Asymptotic behavior. (a) The maximum number of patterns that can be stored for different pattern sizes against the number of neurons . The pattern sizes are where the is given in the legend. The data points are created solving the equations described in section A.2 numerically. The curves follow a power law with exponent . (b) The information capacity of several models against for multiassociation factor . (i) The information capacity of the sparse Willshaw model with recurrent synapses and pattern size . (ii) The information capacity of the sparse Willshaw model without recurrent synapses and pattern size . (iii) The information capacity of the complete Willshaw model without recurrent synapses and pattern size . (iv) The information capacity of the complete Willshaw model without recurrent synapses and pattern size . (v) The asymptotic information capacity of the complete Willshaw model with pattern size , which is plotted as a reference. For details how the capacities are computed, see section 4.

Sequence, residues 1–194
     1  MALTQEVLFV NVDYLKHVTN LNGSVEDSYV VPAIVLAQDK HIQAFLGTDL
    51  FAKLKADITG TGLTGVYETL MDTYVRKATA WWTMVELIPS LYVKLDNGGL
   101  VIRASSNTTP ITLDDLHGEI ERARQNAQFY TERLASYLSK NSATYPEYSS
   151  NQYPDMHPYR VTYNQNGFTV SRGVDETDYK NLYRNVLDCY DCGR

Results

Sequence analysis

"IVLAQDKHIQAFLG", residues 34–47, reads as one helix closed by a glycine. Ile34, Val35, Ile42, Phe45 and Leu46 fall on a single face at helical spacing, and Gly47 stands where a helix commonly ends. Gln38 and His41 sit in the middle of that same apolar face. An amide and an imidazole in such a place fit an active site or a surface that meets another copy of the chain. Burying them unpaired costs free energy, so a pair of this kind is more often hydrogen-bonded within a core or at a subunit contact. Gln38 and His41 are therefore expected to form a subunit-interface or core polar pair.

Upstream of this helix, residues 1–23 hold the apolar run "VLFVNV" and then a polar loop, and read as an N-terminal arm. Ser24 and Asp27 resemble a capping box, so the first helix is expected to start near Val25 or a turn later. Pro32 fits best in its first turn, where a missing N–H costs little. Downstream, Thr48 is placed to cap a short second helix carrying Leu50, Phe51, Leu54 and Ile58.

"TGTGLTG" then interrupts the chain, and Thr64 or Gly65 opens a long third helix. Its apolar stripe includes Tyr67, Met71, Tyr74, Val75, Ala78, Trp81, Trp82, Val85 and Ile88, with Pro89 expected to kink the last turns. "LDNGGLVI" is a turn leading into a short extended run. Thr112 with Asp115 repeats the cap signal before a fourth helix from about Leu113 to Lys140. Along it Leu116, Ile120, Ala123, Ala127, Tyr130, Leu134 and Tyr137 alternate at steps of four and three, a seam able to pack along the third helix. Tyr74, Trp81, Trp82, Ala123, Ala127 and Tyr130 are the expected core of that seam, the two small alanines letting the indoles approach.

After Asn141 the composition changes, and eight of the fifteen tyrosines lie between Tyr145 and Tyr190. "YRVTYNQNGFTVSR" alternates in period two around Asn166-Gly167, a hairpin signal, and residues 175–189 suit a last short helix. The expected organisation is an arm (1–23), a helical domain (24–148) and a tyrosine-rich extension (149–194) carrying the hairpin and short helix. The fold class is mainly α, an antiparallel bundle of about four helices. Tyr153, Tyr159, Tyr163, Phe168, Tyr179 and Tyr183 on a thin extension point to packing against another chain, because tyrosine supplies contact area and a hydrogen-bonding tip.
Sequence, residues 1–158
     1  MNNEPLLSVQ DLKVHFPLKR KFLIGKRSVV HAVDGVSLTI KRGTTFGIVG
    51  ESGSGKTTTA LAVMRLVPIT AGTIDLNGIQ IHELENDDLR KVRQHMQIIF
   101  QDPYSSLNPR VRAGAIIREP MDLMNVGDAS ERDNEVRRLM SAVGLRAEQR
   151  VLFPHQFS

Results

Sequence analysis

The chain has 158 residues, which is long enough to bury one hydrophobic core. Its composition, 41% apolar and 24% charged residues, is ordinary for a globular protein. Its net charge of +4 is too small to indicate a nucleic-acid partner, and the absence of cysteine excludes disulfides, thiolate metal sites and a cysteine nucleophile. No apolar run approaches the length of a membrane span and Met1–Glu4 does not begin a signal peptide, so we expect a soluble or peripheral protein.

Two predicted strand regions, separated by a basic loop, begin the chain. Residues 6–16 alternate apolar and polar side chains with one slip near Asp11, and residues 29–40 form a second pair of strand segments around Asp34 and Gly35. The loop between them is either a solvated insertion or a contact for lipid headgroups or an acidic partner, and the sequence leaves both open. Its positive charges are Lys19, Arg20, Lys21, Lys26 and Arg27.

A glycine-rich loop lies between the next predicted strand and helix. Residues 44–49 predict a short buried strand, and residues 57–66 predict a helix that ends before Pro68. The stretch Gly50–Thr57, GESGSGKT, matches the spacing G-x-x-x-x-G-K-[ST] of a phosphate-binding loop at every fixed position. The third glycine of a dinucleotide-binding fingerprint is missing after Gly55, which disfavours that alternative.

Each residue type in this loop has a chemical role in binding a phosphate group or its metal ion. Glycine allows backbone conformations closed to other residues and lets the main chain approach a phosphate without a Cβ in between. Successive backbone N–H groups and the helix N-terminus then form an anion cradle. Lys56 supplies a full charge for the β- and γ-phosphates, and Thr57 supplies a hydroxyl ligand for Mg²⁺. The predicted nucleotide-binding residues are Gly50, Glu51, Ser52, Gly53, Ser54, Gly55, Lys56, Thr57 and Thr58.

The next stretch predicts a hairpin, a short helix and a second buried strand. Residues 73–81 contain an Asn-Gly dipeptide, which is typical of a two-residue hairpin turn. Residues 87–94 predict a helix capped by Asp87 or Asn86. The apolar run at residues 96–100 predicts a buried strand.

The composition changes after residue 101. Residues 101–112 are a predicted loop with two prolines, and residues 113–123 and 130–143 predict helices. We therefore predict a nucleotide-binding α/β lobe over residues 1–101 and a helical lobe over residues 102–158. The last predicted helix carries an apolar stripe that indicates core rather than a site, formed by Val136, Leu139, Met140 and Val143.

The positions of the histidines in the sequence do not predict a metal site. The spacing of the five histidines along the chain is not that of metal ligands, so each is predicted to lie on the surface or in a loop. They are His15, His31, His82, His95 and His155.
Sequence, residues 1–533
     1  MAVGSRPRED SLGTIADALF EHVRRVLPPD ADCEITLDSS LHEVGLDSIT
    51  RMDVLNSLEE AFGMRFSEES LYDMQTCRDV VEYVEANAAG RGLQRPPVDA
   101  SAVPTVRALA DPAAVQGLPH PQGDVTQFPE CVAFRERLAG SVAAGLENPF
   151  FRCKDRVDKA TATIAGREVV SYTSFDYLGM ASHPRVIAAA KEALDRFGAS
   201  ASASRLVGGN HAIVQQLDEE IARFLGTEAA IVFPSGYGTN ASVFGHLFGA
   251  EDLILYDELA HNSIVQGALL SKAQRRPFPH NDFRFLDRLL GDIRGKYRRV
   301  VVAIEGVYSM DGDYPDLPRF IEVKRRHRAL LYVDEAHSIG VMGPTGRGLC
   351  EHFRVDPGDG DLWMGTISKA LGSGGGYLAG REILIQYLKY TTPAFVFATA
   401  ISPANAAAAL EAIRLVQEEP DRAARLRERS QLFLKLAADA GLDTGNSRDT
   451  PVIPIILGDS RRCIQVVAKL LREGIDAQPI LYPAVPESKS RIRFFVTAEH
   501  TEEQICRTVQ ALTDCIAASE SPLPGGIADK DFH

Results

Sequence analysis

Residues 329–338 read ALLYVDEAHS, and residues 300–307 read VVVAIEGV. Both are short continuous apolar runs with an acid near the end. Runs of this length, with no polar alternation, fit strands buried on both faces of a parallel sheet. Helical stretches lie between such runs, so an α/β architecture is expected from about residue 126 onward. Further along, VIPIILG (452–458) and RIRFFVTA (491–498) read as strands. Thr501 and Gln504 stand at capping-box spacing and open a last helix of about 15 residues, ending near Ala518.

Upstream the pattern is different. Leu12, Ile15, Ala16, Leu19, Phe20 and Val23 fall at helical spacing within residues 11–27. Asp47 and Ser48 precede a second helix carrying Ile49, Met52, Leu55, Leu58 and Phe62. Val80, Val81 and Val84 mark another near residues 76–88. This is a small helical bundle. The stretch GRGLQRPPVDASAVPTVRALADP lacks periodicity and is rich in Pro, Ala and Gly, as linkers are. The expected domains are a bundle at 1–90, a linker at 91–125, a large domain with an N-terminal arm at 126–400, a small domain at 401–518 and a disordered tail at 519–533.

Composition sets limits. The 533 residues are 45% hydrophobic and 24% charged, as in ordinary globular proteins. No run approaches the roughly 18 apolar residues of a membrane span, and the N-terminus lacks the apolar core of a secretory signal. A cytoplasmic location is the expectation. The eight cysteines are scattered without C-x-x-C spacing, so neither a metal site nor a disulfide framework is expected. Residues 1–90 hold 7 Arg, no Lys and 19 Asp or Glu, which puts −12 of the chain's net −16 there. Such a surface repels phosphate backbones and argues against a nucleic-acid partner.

Figure 9:

Asymptotic behavior. (a) The maximum number of patterns that can be stored for different pattern sizes against the number of neurons . The pattern sizes are where the is given in the legend. The data points are created solving the equations described in section A.2 numerically. The curves follow a power law with exponent . (b) The information capacity of several models against for multiassociation factor . (i) The information capacity of the sparse Willshaw model with recurrent synapses and pattern size . (ii) The information capacity of the sparse Willshaw model without recurrent synapses and pattern size . (iii) The information capacity of the complete Willshaw model without recurrent synapses and pattern size . (iv) The information capacity of the complete Willshaw model without recurrent synapses and pattern size . (v) The asymptotic information capacity of the complete Willshaw model with pattern size , which is plotted as a reference. For details how the capacities are computed, see section 4.

4  Methods

We simulate the model using standard computer hardware. Two layers of neurons are created, and independent coin tosses decide which synapses are present (a recurrent synapse is present with probability , an afferent synapse with probability ). The patterns are always chosen uniformly at random.